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Gut–Pain Connection Reaffirmed by Microbiome Differences in Fibromyalgia Patients and Controls

Human DNA

People with fibromyalgia have different microbiomes from controls, according to a recent study.

“The abundance of some of these bacterial species correlates with the severity of fibromyalgia symptoms—pain, fatigue, cognitive symptoms and impaired sleep,” said first author Amir Minerbi, MD, PhD. Artificial intelligence algorithms could automatically distinguish patients from controls, based on only the composition of their gut microbiome.

“The demonstration of objective findings separating fibromyalgia patients from healthy controls provides convincing evidence that fibromyalgia is a real syndrome,” said Dr. Minerbi, a clinical research fellow at the Alan Edwards Pain Managment Unit at McGill University Health Center, in Montreal.

“This is the first demonstration of gut microbiome alteration in nonvisceral pain,” the investigators wrote.

The study included 77 women with fibromyalgia and 79 healthy controls. A pain physician verified the diagnosis of each participant, and each was thoroughly characterized, including dietary habits, demographic characteristics, comorbidities and medications, Dr. Minerbi said (Pain 2019 Jul 2. [Epub ahead of print]. doi: 10.1097/j.pain.0000000000001640).

Stool samples from each were analyzed for bacterial DNA, and blood samples were analyzed for bacteria-derived metabolites.

The investigators used advanced computational algorithms to examine the differences in microbiomes between patients and controls, as well as the possibilities for interactions among potentially confounding variables, including medications, diet and physical activity, among others, Dr. Minerbi said.

Co-author Emmanuel Gonzalez, PhD, a bioinformatics specialist at the Montreal Node of the Canadian Centre for Computational Genomics, used AI algorithms to distinguish patients from controls based only on the composition of their microbiomes. They did so accurately 87% of the time.

“Variance in the composition of the microbiomes was explained by fibromyalgia-related variables more than by any other innate or environmental variable,” according to the report. Additionally, that variance was “correlated with clinical indices of fibromyalgia in line with observed alteration in butyrate-metabolizing species, targeted serum metabolite analysis, verified differences in the serum levels of butyrate and propionate in fibromyalgia patients,” the investigators wrote.

Rajat Bhatt, MD, a rheumatologist in independent practice at Prime Rheumatology, in Richmond and Pearland, Texas, said the research fails to explain certain phenomena such as that patients with fibromyalgia who travel abroad will have a change in the gut microbiome that does not mitigate or otherwise change the patient’s symptoms. Additionally, he said when patients with fibromyalgia undergo a colectomy, for reasons unrelated to fibromyalgia, the fibromyalgia is neither resolved nor altered.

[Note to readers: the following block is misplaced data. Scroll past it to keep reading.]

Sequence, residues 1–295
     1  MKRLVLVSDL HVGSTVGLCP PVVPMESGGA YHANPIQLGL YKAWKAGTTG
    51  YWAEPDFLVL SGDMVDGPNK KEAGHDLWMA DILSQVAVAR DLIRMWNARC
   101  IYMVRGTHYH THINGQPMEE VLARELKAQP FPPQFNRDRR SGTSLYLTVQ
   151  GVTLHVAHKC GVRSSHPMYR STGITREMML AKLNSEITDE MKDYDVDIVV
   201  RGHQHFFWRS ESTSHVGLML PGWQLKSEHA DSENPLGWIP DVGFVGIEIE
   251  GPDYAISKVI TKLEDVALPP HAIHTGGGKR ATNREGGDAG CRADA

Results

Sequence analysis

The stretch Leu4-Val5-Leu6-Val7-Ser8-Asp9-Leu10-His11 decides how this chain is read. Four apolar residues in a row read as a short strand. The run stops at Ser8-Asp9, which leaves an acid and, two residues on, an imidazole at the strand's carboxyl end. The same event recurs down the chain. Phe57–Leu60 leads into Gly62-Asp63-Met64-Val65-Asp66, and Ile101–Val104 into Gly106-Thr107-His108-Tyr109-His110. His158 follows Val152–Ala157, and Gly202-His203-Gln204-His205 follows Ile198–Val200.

Dr. Minerbi responded, “Out of the 1,620 different bacteria found in the guts of study participants, only 72 were significantly altered in individuals with fibromyalgia—approximately 4.5% of all bacterial taxa. Of these, some were increased and others decreased. It is thus unlikely that nonspecific interventions such as colectomy or travel abroad would have a specific effect on the abundance of these bacteria.”

“FM [fibromyalgia] is a heterogeneous condition, meaning there are inherent differences in who develops it and how/why they do,” said Andrea L. Nicol, MD, an assistant professor of anesthesiology at the University of Kansas School of Medicine in Lawrence.

“However, it is not exactly clear whether … individual differences are accounted for in the results,” Dr. Nicol said. “Despite these limitations, their approach and data are highly original and lend credence to the need for further investigations in this area.”

The authors stated that the hypothesis that alterations of the microbiome may affect pain processing and perception has been supported by several animal studies showing “that gut microbiota play an important role in the development of visceral pain of chemotherapy-induced neuropathic pain, and of opioid tolerance.”

Human studies have shown “consistent alterations in individuals with irritable bowel syndrome (IBS) and in patients suffering from chronic dysfunctional pelvic pain,” according to the report. “Similarly, patients with chronic fatigue syndrome (CFS), which shares some symptomatic features with fibromyalgia, were shown to have altered gut microbiome and metabolomics profiles.” Additionally, alterations of microbiome have also been reported in several rheumatologic diseases, the investigators wrote.

“Some patients have noticed that nutrition has a significant effect on their symptoms; introducing or eliminating certain nutrients may improve or aggravate their symptoms,” Dr. Minerbi said. “These reports, by many patients, plus the growing body of literature regarding the importance of the gut microbiome in so many other conditions, led us to take this unexplored avenue.

“To test this hypothesis, we chose fibromyalgia, as it is a prevalent, poorly understood syndrome, which is difficult to diagnose and to treat and which leads to significant suffering and disability in affected patients,” Dr. Minerbi said.

Dr. Nicol said, “Certainly, if these findings can lead to potential diagnostic parameters that would help clinicians have an objective measure for the condition, this would undoubtedly change the current knowledge frame for fibromyalgia diagnosis, which is currently based on a self-report questionnaire.”

—David C. Holzman


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